Here they come
Hopper.com, a travel-planning engine, recently released a study showing that, since Dec. 1, "flight search demand" for the city of Denver is 6.3 percent above the national average. Folks in some cities are looking for Colorado information at a rate well above that, such as Nashville (63 percent), Minneapolis (58 percent) and Detroit (53 percent).
"Although Denver's also been in the news for their January playoff run, that doesn't seem to be a major factor ..." says the site, which used data from around 10 million queries a day. (And we're not going to talk about the Super Bowl.)
Houston checks in at an increase of 28 percent in Denver-centric searches, a curiosity that Dallas Morning News reported Saturday is reflected statewide. "Much of that interest has come from Texas — and North Texans in particular, who've long invaded the Centennial State for skiing [and] snowboarding ... The law that took effect Jan. 1 has given Lone Star leisure-seekers another reason to visit."
Of course, Colorado Springs isn't of much use to the recreationally minded, but Convention & Visitors Bureau spokeswoman Chelsy Murphy says the CVB is still having to enlighten travelers on the finer points of the law.
And there's that little town down the road.
"We did actually have a meeting with the Manitou chamber this morning to kind of understand what they're looking at," she said on Monday. "Just a small internal meeting, but we want to make sure we're educated if someone does call."
Sin and smoke
Nevada's Campaign to Regulate Marijuana is currently writing ballot language that would bring recreational marijuana to the masses, the Las Vegas Sun reported last week. If the state legislature doesn't make the move in 2015, organizers would take it to the people in 2016.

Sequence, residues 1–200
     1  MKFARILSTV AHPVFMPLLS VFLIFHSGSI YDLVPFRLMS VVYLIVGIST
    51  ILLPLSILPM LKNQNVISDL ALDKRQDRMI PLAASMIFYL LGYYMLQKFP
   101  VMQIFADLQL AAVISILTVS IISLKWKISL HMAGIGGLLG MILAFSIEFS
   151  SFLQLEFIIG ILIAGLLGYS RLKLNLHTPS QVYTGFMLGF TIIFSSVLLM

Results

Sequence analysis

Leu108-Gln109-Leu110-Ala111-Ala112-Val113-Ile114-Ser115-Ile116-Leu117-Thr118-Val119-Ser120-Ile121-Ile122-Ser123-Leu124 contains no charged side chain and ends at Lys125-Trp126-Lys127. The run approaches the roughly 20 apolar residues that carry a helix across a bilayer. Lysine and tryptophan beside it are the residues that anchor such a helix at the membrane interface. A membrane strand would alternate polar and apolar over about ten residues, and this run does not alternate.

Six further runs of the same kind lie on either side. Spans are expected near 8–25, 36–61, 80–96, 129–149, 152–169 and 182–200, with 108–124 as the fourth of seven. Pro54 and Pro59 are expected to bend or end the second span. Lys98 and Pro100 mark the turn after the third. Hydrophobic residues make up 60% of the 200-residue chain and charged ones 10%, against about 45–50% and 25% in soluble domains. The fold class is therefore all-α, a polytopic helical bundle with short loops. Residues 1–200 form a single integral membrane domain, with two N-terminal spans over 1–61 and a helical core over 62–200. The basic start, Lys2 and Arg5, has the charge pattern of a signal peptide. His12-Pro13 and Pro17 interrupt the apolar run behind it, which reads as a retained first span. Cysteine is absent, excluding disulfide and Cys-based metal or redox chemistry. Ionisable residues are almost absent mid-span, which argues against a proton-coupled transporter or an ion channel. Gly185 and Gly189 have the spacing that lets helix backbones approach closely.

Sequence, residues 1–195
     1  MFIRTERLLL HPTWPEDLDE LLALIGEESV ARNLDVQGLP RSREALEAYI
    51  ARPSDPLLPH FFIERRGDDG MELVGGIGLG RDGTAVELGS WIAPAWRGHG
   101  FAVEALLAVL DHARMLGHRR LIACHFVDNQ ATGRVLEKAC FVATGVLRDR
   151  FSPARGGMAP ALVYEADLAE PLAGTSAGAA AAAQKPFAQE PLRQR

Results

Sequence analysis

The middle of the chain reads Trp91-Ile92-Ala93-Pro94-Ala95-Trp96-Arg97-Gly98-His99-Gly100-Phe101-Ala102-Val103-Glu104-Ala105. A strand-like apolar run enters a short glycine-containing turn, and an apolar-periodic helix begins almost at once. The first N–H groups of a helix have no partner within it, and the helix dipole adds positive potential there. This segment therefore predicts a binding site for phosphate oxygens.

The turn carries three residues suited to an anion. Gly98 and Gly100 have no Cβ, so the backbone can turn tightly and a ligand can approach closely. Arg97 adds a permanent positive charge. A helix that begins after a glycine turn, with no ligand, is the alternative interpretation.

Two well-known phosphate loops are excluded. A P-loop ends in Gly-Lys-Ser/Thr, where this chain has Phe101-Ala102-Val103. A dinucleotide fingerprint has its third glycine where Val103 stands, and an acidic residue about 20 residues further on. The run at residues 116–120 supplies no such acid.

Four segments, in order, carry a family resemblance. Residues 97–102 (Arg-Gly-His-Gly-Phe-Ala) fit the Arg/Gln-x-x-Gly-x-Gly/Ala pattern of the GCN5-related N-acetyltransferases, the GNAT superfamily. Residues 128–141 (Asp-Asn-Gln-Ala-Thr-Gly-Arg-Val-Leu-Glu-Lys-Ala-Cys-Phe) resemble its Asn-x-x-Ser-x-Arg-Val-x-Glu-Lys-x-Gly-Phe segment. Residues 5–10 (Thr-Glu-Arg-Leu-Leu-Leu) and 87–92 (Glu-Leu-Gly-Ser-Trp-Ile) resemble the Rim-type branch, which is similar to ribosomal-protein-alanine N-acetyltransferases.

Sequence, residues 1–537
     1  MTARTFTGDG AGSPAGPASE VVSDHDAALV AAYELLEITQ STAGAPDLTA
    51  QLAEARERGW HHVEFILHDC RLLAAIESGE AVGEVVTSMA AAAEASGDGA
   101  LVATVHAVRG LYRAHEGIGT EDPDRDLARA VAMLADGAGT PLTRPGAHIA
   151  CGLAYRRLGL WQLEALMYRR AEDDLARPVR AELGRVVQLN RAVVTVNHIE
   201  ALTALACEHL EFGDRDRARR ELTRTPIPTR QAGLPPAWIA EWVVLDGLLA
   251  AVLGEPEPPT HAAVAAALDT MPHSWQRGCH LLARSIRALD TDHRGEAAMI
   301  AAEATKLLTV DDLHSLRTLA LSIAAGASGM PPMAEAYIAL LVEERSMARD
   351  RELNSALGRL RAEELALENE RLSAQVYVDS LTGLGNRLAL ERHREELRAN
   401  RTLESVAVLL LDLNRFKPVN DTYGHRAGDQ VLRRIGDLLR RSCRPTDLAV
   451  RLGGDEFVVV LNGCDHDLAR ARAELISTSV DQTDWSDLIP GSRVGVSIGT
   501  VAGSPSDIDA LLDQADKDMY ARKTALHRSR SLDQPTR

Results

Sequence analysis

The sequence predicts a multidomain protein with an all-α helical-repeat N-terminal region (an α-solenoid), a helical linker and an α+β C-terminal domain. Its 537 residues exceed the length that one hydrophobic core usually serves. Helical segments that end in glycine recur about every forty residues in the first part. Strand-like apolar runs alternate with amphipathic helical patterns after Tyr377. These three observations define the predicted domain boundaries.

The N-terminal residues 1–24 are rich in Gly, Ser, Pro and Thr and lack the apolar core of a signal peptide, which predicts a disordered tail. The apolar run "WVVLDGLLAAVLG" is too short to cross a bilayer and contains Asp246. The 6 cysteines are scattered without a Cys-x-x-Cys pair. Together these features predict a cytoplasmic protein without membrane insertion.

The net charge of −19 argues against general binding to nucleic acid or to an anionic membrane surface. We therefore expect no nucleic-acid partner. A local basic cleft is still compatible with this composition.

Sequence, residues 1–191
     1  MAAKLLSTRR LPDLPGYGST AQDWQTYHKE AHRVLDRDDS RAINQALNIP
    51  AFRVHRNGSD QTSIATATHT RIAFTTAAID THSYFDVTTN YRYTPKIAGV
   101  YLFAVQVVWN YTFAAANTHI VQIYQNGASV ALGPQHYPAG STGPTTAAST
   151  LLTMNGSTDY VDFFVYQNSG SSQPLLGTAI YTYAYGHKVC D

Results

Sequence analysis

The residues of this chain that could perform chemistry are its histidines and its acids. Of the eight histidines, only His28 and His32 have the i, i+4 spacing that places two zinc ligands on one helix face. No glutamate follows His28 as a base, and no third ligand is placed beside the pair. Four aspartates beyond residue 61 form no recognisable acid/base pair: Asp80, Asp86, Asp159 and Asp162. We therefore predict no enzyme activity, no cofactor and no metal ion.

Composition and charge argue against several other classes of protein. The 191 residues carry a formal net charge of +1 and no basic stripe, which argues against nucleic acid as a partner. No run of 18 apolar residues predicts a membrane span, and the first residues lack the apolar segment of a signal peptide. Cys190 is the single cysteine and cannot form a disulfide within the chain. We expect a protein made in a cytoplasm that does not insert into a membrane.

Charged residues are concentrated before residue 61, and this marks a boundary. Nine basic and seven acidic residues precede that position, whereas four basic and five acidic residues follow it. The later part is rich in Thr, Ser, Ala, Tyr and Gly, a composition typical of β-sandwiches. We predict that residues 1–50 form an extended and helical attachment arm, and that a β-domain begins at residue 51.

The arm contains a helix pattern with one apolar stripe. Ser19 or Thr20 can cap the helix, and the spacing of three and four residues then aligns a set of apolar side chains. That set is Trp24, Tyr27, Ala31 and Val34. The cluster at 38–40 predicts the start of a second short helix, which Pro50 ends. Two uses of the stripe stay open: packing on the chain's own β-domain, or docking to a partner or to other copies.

"Based on the dynamics we're seeing in Colorado with full adult use being legal, it seems a natural fit," the paper quoted campaign official Joe Brezny as saying.
Nevada became a medical-marijuana state last year.
'President Obama is either ...'
In a recent interview with CNN, President Barack Obama further clarified remarks previously made to The New Yorker that marijuana is not more dangerous than alcohol. "First of all, [deciding] what is and isn't a Schedule I narcotic is a job for Congress," he said, adding later: "My concern is when you have very heavy criminal penalties for individual users that have been applied unevenly."
Marijuana advocates immediately responded to the first comment.
"The Controlled Substances Act explicitly gives the executive branch the responsibility to change the schedule of any drug without needing to go through Congress," wrote the group Just Say Now. "President Obama is either ignorant about his duties or straight up lied to [Jake] Tapper when directly asked about this."